The saccule is known to play an important role in hearing in fishes. In this study we investigated spatial frequency selectivity of single saccular afférents in a teleost fish (the sleeper goby, Dormitator latifrons) to acoustic particle motion at 50-400Hz. Saccular afferents have similar distributions of best sensitivity (-90.0 to -54.8 dB re. 1g, mean ± s.d.=-81.1±8.0 dB) and characteristic frequencies (≤50-400 Hz, median=80 Hz) along the longitudinal, side-to-side and dorsoventral axes of fish. They were lowpass, bandpass or broadly tuned to low frequencies with Q50% at 15 dB above threshold in ranges from 0.28 to 3.30 (1.46±0.71), 0.18 to 2.54 (1.36±0.78), and 0.41 to 4.26 (2.25±0.1.12) along the three axes, showing slightly greater frequency tuning in the vertical axis than horizontal axes. At supra threshold we found tuning plasticity, i.e. best frequencies of saccular afférents shifted to high frequencies as stimulus level increased. Isolevel rate-frequency curves were asymmetrical with shallow slopes at the lowfrequency edge and steep slopes at the high-frequency edge. Saccular afférents of the sleeper goby have similar capabilities of coding particle motion frequencies in the three orthogonal axes. Results from this and other studies suggest that (1) the saccule is the major hearing organ in this species, (2) the saccule of this species is capable of encoding sound frequencies in three dimensional space, and (3) saccular afferents in fishes without accessory auditory structures exhibit similar frequency selectivity in response to particle motion.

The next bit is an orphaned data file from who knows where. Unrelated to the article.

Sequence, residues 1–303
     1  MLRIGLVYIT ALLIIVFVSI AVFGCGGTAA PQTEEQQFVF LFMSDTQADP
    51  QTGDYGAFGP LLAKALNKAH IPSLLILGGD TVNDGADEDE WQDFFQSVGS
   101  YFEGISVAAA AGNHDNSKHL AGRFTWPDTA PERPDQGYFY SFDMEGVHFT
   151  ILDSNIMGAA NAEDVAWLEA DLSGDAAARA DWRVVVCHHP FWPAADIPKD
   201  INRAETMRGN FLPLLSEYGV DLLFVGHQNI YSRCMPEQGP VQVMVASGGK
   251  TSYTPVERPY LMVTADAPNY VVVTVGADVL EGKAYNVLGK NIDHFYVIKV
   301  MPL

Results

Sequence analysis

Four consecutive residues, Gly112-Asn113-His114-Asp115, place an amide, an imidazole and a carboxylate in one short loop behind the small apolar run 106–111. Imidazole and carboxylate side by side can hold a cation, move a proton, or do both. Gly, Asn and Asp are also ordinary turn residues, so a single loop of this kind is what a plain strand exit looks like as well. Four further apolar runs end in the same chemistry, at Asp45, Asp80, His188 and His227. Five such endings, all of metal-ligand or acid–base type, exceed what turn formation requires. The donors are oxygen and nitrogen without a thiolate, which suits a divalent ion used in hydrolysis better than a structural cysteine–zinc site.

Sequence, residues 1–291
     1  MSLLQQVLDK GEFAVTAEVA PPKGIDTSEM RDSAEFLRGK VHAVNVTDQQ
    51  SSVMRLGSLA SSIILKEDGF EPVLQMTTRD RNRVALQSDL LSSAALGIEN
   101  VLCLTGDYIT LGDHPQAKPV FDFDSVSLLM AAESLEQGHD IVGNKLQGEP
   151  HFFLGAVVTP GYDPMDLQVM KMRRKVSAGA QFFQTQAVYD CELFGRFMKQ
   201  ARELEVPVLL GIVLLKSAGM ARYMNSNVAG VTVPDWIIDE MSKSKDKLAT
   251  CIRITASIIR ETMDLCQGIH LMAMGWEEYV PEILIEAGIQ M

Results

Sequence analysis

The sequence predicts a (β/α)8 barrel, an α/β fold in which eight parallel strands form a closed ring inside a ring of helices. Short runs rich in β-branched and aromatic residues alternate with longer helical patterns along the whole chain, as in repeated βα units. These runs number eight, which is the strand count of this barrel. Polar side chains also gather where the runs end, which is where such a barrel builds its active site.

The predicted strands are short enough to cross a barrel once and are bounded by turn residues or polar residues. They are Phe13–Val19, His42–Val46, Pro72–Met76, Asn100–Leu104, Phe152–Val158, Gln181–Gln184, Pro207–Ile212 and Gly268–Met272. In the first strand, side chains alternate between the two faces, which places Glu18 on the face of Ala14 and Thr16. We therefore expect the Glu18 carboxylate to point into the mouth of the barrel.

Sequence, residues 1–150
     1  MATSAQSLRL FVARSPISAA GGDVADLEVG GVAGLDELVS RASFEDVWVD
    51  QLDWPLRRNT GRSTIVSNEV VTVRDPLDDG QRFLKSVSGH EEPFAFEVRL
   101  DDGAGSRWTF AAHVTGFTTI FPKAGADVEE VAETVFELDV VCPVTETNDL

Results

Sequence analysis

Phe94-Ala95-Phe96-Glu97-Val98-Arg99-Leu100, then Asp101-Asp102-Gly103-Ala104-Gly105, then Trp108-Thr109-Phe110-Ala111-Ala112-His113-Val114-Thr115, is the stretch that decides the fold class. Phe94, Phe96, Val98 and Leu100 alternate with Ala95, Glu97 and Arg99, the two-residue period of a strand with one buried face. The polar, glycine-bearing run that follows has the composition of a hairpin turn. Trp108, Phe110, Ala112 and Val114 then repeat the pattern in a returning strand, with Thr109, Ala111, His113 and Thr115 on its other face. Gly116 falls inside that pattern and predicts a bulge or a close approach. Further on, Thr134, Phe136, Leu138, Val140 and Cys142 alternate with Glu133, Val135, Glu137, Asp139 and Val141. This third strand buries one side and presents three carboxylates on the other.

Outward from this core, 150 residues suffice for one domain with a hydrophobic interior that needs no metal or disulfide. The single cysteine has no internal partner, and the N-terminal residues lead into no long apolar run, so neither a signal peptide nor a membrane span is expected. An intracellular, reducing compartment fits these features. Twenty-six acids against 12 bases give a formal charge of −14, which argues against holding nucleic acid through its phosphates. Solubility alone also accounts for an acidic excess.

|Number of pages||11|
|Journal||Journal of Experimental Biology|
|State||Published - May 1 2010|
- Best sensitivity
- Characteristic frequency
- Frequency selectivity
- Otolithic organ